A Common Data Environment (CDE) is a central repository where construction project information is housed. It is the single source of information for the project. It is used to collect, manage, collaborate, and share project information with the project team..
A CDE is updated throughout the project lifecycle. It can hold information relating to all aspects of the project, including documents, contracts, reports, bids, and model information. A CDE enhances collaboration and increases security and the auditability of data. It also streamlines systems and processes used within and between the company and their supply chain.
Construction brings together a wide range of people from different disciplines, and a CDE brings together information from all who work as part of this wider project team.
Using a single source of information encourages and ensures collaboration between project members. This guarantees best practice, reduced errors, and avoids duplication. A CDE allows information to be stored in a secure environment. It provides a clear and secure audit trail of all changes and amendments.
Common Data Environment and BIM Compliance
A CDE follows the recommendations as defined in the PAS 1192 and BS 1192 documentation. These outline what AEC organizations need to do to reach a BIM Level 2 compliance on their projects.
PAS 1192 is part of the PAS (publicly available specification) series of documents and guidance. It outlines the specification for information management for the capital/delivery phase of construction projects using BIM. It is a supporting document achieving BIM Level 2 in the AEC industry.
The series of PAS documents seek to establish a framework for collaborative working and information requirements. The PAS guidelines are consistently developing, with document reviews occurring every two years.
BS 1192 outlines the method for the development, organization, and management of information. It should be implemented as standard practice as it outlines the best practice approach to collaborative working across the AEC sector. It describes a stringent process for collaboration and a specified naming policy.
As outlined, BIM Level 2 compliance requires projects to work collaboratively. It also requires project members to develop a process through which they can manage the information specific to their project. This collaboration also needs to be coordinated between various systems and project participants. Therefore, in order to work within a BIM environment a CDE should be a main priority for the project team.
Benefits of a Common Data Environment
A Common Data Environment is a single source of truth for a project. Some of the main advantages of implementing a CDE include:
Project team members have access to the latest, most up-to-date information within a shared area
Information is readily available to all project members at any time or location, including document and data information. For example, in a global project, team members can participate from anywhere in the world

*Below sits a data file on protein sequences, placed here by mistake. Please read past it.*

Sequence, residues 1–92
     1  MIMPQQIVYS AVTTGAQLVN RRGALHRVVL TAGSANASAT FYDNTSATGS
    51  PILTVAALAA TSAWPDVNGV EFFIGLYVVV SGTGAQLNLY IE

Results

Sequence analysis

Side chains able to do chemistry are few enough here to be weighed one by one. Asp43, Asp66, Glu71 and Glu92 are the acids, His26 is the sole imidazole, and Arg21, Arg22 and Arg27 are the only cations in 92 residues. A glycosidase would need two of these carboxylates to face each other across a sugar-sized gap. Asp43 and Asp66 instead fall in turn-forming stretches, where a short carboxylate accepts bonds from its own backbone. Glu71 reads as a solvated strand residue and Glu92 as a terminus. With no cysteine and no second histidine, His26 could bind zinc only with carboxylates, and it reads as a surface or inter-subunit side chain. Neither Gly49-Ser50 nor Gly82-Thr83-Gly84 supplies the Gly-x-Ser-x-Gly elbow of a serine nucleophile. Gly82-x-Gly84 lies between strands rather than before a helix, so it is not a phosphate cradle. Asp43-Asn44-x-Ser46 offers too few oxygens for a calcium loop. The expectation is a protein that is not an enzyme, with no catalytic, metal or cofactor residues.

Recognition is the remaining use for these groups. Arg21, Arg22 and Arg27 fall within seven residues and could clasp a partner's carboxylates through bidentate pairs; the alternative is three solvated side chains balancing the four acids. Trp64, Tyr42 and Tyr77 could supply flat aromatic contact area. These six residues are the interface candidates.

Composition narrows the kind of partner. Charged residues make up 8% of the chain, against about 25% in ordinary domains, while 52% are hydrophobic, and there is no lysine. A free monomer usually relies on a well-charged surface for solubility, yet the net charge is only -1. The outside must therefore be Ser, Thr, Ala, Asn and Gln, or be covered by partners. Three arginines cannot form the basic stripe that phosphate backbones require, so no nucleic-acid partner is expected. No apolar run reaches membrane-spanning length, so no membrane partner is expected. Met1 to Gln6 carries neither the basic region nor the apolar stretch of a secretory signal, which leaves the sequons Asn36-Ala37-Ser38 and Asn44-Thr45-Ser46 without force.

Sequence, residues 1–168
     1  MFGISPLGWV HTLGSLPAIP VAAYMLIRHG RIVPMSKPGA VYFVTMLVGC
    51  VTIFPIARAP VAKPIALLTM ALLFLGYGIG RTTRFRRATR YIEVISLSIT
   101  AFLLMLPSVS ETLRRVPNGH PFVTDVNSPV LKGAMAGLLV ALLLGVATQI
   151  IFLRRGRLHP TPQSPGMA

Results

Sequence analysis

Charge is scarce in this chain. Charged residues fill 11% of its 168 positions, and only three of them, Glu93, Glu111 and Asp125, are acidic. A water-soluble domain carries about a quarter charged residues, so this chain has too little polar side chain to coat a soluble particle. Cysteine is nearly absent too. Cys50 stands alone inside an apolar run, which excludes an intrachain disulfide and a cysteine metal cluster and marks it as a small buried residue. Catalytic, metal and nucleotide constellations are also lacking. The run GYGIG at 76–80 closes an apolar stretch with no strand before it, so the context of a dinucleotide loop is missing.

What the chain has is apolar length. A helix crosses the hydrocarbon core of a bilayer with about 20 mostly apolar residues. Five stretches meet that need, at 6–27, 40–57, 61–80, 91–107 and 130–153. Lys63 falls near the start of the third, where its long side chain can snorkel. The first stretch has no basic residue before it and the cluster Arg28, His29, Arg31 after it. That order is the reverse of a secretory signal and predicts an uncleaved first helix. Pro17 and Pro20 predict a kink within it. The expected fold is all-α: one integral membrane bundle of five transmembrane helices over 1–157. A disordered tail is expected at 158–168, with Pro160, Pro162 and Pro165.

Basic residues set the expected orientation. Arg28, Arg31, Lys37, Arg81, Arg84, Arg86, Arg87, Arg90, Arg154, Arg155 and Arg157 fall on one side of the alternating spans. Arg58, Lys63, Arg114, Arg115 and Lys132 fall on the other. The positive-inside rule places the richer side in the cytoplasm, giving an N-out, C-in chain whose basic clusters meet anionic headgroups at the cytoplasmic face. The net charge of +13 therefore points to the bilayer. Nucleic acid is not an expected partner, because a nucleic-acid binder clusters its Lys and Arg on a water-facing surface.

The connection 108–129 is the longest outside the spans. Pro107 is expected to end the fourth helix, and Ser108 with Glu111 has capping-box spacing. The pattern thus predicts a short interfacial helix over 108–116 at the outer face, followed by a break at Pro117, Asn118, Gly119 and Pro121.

Shared information is coordinated, reducing the time and effort required to check, version and reissue information
Project information is continually updated. All updates and changes logged in a secure audit trail maintaining a single source of information
Projects are created in a BIM environment and are aided in becoming BIM Level 2 compliant
Any number of documents can be generated from different combinations of model files
Project team members work collaboratively, and best practices are encouraged and ensured
Information can be reused to support construction planning, estimating, cost planning, facilities management, and many other downstream activities
Following the completion of the project asset information is readily available to handover
How to implement a Common Data Environment
The aim of introducing a CDE is to improve the creation, sharing, and issuing of information within a project. It ultimately ensures the delivery of a project.
When implementing a CDE there are a number of areas which need to be considered:
When implementing a CDE it is important to know what system is best suited to your needs. You need need to ensure all project teams have the information and platforms they require.
Appoint an information manager
The information manager is responsible for keeping the information generated and shared on the CDE clear and comprehendible.
Establish conventions as early as possible
File naming conventions, for example, should be adopted early on to ensure all project members are using a standard protocol.
Implement a workflow / sign-off process
It provides a clear understanding of what stage the information is at. Showing what work is currently in progress, what has been shared, and what has been published.
Separate project spaces
It may be necessary to divide the CDE to create separate environments on the central platform. This will help to meet the needs of different teams involved in the project.
Workspaces will need to be regularly reviewed to ensure all project members are fulfilling their obligations. This is also necessary to implement improvements if they are required.